Daniel O’Connell

Kyra Johnson

University of Missouri - Saint Louis, Child Psychology

“At age 16, Kyra became a Mental Health Advocate in hopes of becoming a Mental Health Therapist. Johnson created All Things Mental, a network that provides free mental resources for under-resourced communities. In addition, Johnson is a writer and author, working on her forthcoming mental health book & guidebook to help people deal with various mental health disorders. Johnson is passionate about mental health due to her own personal journey. Kyra is now a Senior Child Psychology major at University of Missouri- St. Louis & is currently working with Hazelwood School District. As a Collegiate Mental Health Innovation Council member, Kyra will always advocate for providing the best quality mental health services for people."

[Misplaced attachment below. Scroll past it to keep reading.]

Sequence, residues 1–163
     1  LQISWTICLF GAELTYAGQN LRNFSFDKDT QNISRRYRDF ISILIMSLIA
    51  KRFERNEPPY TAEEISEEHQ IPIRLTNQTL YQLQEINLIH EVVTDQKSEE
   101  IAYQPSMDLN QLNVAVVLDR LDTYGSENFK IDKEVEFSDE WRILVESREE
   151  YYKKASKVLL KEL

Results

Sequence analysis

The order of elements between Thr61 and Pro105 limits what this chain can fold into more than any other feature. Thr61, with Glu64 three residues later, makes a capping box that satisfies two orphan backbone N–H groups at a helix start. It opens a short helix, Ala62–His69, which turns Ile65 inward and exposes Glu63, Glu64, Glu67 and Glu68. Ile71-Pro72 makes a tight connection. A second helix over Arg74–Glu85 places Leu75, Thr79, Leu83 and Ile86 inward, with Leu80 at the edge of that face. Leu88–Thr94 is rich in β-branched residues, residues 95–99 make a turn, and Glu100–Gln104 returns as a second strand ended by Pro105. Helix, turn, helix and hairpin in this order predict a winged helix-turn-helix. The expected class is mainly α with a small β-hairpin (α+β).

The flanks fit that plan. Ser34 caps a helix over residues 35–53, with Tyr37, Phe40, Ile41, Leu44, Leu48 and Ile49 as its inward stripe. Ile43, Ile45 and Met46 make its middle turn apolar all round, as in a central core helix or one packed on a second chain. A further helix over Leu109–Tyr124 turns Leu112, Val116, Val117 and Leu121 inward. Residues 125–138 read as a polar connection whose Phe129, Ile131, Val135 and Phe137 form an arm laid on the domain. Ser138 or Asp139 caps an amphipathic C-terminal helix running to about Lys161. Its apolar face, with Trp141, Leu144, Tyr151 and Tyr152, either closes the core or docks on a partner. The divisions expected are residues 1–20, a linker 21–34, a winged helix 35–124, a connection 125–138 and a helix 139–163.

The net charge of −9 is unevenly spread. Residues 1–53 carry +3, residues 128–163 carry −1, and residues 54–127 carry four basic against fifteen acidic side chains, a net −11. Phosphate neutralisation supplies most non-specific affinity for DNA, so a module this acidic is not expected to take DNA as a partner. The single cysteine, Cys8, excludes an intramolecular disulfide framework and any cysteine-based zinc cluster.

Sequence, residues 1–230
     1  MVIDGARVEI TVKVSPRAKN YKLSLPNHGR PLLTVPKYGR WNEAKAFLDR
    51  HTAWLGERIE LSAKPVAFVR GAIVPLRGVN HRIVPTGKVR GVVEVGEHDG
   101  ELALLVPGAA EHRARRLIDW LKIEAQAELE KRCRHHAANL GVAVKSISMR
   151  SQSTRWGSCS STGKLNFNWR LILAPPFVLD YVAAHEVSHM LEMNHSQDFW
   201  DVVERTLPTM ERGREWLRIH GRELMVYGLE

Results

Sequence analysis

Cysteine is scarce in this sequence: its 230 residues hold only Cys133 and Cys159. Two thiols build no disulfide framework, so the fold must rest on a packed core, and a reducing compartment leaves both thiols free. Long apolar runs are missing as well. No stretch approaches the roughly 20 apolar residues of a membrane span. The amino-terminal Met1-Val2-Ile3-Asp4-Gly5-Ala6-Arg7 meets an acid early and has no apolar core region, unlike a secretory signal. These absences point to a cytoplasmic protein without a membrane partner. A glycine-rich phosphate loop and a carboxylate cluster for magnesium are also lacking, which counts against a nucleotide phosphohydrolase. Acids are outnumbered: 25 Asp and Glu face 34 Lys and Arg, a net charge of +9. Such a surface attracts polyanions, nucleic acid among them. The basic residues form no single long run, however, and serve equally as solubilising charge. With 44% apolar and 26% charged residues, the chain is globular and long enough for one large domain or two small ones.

Bryan Reed

Amy Keith

Saint Louis University, MPH Student, Epidemiology & Maternal and Child Health

“Through this Council, I hope to determine what programs are being promoted on campus to support students, to contribute my own unique perspective, as well as to learn from others that are campus leaders within my own university and from neighboring universities within the St. Louis region so that we may further mental health efforts in our respective institutions."

Megan Tweedie

Julia Lanfersieck

Saint Louis University, Neuroscience and Biology

"I am interested in hearing the voices of other St. Louis area college students working as mental health advocates. This will allow me to better implement mental health advocacy and educational efforts on my campus. Our combined knowledge can create greater change.”